Gazprom against sharing Russian resources with foreigners
Aleksandr Ananenkov is Deputy Chairman of the management committee.
“A handover of control over the Far Eastern projects to foreigners led to an infringement of Russia's national interests, an attempt to turn Russian gas consumers in the area into ”poor relatives“ who see their gas siphoned off,” he said
Ananekov sighted Sakhalin-I and Sakhalin-II oil and gas projects and the Kharyaga oil field in northern Russia as examples of negative experiences.
Officials have repeatedly voiced concern about Sakhalin-I's output growing abroad instead of the growing domestic market, where gas prices are a fraction of those in Europe.
Konstantin Simonov of Russia’s Energy Security Fund says foreigners have a lot to offer in the oil and gas sector.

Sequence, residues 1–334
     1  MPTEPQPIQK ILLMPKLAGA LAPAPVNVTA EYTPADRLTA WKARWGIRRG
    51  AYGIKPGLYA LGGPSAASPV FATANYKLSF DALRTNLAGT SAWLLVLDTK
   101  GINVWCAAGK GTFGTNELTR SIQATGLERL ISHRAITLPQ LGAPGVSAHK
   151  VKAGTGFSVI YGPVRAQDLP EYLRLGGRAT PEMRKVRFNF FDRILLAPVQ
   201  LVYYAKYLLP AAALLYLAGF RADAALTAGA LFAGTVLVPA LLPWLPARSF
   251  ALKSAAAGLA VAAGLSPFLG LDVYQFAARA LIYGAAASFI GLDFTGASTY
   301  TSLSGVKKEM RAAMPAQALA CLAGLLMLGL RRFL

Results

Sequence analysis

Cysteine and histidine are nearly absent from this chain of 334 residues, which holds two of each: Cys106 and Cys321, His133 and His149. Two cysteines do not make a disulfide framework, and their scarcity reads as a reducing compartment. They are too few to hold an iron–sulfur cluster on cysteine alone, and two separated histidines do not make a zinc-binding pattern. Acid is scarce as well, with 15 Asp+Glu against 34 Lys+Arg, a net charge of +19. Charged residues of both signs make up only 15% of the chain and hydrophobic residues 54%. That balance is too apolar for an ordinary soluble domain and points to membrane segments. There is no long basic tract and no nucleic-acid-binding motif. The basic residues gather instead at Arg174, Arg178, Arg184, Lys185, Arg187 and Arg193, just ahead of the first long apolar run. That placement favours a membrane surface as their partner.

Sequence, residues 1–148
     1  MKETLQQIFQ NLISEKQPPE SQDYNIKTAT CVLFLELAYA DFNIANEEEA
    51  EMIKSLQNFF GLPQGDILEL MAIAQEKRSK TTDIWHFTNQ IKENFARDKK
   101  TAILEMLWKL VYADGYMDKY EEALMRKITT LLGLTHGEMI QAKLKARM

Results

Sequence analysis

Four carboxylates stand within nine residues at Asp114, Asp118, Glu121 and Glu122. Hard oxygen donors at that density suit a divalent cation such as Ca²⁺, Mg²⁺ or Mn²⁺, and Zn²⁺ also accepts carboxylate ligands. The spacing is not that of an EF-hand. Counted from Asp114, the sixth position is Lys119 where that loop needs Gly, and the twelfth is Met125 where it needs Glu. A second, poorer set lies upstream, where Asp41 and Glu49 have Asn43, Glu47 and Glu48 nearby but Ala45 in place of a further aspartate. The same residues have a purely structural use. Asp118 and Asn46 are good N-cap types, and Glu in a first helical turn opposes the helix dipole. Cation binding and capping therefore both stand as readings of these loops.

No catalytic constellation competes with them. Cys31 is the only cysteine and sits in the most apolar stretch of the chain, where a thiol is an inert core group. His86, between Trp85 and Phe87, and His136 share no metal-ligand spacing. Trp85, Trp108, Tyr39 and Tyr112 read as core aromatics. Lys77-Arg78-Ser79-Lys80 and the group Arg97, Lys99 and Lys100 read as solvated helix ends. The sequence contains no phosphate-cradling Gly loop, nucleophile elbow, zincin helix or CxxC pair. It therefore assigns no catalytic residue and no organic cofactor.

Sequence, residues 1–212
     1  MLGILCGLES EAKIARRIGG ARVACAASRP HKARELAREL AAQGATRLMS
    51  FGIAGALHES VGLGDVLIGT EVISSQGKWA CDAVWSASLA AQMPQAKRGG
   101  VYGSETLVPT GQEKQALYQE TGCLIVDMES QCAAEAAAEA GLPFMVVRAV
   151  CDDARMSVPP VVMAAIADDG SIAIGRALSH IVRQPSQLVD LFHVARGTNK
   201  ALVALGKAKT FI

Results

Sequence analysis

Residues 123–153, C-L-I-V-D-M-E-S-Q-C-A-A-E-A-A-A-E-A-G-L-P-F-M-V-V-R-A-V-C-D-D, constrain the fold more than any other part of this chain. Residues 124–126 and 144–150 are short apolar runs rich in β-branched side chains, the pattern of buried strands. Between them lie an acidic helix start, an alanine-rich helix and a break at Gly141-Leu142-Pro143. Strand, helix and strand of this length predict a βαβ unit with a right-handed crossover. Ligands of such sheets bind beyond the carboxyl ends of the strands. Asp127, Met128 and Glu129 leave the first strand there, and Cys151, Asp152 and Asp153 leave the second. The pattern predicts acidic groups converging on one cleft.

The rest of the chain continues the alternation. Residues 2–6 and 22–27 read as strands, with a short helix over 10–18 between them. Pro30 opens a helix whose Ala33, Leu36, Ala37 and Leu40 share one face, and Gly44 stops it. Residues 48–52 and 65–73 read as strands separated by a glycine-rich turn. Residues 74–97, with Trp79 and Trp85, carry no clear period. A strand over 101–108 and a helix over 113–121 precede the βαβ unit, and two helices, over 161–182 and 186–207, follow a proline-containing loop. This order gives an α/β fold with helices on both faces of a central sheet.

“It’s impossible to speak about development of Russian oil and gas sectors without foreign companies because of the lack of technologies and money. And main Putin’s idea is exchange of assets,” he said.
Experts say the statement could signal that Gazprom, which last year took control of one of the world biggest fields Sakhalin-II from Royal Dutch Shell, is now eyeing Sakhalin-I, currently run by Exxon Mobil.
Exxon’s subsidiary, Exxon Neftegas, and Japan's Sodeco have 30% each in the project, while Russia's Rosneft and India's ONGC hold 20% each.
According to business daily Vedomosti, earlier this year Gazprom held talks with Exxon and Rosneft on entering Sakhalin-I project, but failed to reach an agreement.
Experts repeatedly said if the state – through Gazprom – continues to flex its muscle in the energy sector, could hurt Russia’s investment climate.